Christmas Island is one of the world's most spectacular seabird rookeries. Birds here come in number, variety and visibility! Birds can be seen and heard everywhere on the island - at just about any time of the day.

Around 80,000 seabirds nest here annually, with 23 breeding or resident species. The island's birds are very approachable, making a birding trip here an unforgettable experience.

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  • Resident birds

    Discover a small number of the resident birds on Christmas Island.

    • Abbott's booby

      This large endangered seabird nests only on Christmas Island - the island's rainforest providing the last remaining nesting habitat on the planet. The male, female and juveniles have identical plumage - a white body, with black upper wings and tail. Adults grow up to 80 cm or more, with a huge wingspan of about 2 m.

    • Christmas Island hawk-owl

      This small owl, less than 30 cm, has plumage of tawny orange above, barred orange and white below and bright yellow eyes. The hawk-owl is one of Australia's rarest raptors, found only on Christmas Island. The species is listed as vulnerable - it's thought that there are just 500 breeding pairs remaining.

      Image: Ian Montgomery

    • Great frigatebird

      At 85 cm to 1 m, this seabird with mostly black plumage is the second largest of the frigatebirds. The female is larger than the adult male and has a white throat and breast. The male puffs out his striking red throat sac during courtship. There are about 3,300 breeding pairs of a subspecies found only on Christmas Island.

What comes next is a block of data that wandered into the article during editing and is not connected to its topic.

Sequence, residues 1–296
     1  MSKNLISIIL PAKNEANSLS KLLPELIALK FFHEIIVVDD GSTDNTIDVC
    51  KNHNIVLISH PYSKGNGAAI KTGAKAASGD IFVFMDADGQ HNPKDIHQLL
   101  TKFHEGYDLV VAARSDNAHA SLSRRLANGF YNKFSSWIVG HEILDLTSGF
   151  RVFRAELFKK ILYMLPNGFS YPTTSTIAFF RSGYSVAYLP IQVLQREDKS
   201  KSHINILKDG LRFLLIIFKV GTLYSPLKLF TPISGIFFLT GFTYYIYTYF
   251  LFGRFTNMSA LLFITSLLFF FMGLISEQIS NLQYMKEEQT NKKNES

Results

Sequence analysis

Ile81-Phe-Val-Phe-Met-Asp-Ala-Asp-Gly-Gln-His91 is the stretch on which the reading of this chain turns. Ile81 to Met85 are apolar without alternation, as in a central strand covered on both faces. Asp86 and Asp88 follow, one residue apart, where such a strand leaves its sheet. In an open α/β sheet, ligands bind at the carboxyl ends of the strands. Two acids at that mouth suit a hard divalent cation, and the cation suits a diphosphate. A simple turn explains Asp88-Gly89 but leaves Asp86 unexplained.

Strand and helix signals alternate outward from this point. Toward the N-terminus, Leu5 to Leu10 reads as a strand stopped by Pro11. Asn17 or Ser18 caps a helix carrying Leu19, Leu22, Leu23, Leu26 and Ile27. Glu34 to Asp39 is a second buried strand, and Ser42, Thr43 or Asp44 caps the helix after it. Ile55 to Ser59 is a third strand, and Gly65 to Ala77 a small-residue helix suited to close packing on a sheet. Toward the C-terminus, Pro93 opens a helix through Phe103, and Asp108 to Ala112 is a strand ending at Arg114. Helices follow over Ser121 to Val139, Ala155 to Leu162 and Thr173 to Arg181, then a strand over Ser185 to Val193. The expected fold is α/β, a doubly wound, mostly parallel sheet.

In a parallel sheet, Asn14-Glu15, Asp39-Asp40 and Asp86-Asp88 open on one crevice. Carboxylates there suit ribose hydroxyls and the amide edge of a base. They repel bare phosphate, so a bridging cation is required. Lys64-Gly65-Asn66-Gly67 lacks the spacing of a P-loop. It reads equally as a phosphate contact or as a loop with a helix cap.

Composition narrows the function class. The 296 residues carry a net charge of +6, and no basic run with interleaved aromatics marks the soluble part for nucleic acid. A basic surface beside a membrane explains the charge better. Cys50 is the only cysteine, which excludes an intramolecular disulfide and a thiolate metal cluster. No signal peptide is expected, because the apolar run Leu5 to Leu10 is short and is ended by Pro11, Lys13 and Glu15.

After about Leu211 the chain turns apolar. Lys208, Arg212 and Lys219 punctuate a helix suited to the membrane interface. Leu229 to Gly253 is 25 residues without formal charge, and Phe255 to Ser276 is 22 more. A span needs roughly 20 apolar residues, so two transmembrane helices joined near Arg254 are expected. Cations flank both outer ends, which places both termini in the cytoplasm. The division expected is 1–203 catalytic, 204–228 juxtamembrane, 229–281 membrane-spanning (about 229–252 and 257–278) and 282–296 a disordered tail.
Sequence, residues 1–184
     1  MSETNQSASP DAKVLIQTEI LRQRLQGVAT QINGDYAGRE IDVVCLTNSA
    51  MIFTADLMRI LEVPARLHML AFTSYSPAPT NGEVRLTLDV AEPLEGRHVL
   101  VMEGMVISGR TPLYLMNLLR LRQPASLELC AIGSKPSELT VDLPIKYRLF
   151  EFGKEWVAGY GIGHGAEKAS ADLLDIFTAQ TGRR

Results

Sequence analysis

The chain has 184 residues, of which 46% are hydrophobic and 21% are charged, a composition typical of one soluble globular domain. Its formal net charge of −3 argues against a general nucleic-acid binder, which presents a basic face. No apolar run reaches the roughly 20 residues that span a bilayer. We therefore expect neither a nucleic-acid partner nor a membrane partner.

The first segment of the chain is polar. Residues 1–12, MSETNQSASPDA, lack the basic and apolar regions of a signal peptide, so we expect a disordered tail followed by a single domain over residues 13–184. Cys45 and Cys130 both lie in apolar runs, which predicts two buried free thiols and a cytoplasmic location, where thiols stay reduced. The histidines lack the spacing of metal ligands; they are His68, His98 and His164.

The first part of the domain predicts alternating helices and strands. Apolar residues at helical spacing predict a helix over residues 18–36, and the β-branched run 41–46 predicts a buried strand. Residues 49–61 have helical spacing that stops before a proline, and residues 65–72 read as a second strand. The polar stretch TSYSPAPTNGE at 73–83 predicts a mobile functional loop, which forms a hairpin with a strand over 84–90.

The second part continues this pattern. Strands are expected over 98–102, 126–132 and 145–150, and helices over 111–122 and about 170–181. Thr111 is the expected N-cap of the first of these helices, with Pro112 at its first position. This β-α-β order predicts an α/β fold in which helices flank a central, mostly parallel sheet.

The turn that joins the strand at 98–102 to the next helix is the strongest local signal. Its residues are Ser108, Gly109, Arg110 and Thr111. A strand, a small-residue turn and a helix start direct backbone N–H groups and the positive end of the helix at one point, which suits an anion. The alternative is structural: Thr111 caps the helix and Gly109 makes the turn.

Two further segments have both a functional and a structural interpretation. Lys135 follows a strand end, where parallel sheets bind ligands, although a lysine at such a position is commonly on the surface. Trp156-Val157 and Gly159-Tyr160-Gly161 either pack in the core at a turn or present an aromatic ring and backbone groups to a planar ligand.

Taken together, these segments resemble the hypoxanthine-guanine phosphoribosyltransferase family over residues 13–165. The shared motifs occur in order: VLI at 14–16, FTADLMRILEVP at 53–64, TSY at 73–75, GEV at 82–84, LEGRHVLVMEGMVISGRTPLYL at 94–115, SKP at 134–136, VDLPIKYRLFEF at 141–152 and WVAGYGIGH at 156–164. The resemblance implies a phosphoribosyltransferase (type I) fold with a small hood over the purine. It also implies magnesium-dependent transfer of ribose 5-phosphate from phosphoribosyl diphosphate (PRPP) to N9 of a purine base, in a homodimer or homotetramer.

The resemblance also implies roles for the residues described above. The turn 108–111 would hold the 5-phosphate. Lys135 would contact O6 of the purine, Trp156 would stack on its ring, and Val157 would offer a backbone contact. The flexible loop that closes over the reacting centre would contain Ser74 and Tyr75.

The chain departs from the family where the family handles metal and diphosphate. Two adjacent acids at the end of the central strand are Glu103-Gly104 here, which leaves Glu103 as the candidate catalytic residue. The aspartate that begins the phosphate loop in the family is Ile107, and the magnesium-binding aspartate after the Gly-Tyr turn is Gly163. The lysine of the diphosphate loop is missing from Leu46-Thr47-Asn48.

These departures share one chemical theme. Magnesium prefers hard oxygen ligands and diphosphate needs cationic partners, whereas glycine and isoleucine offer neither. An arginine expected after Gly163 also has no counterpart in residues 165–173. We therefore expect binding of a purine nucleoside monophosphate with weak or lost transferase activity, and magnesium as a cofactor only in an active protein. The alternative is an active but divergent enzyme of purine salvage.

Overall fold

• Red-tailed tropicbird

      This elegant seabird has white plumage, often with a pink tinge, a black crescent around the eye and distinctive long, red tail streamers. As an adult it has a bright red beak and black feet. Also known as the silver bosun, it looks like a stout tern, its body about 35 cm.

      Image: Angry Sun bird

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  • Introduced birds

    See some of the introduced species that now call Christmas Island home.

    • Sacred kingfisher

      The gorgeous sacred kingfisher has a bright turquoise back, rump and tail, contrasting with buff-white underparts, a broad cream collar and a black eye stripe from its bill to nape of neck. It grows to about 21 cm. The female is slightly duller in colouring.

      Image: Fir0002

    • Common sandpiper

      This small sandpiper, about 20 cm in size, with a rather long body and short legs, is grey-brown above and white below, extending up in a pointed shape between the wing and the dark breast band. When at rest, the long tail projects well beyond the tips of the wings. This species is also known as the Eurasian sandpiper or summer snipe.

      Image: Ian n. White

    • Java sparrow

      The striking adult Java sparrow is unmistakable with its grey upperparts and breast, pink belly, white-cheeked black head, red eye-ring, pink feet and thick red bill. It is about 17 cm in size.

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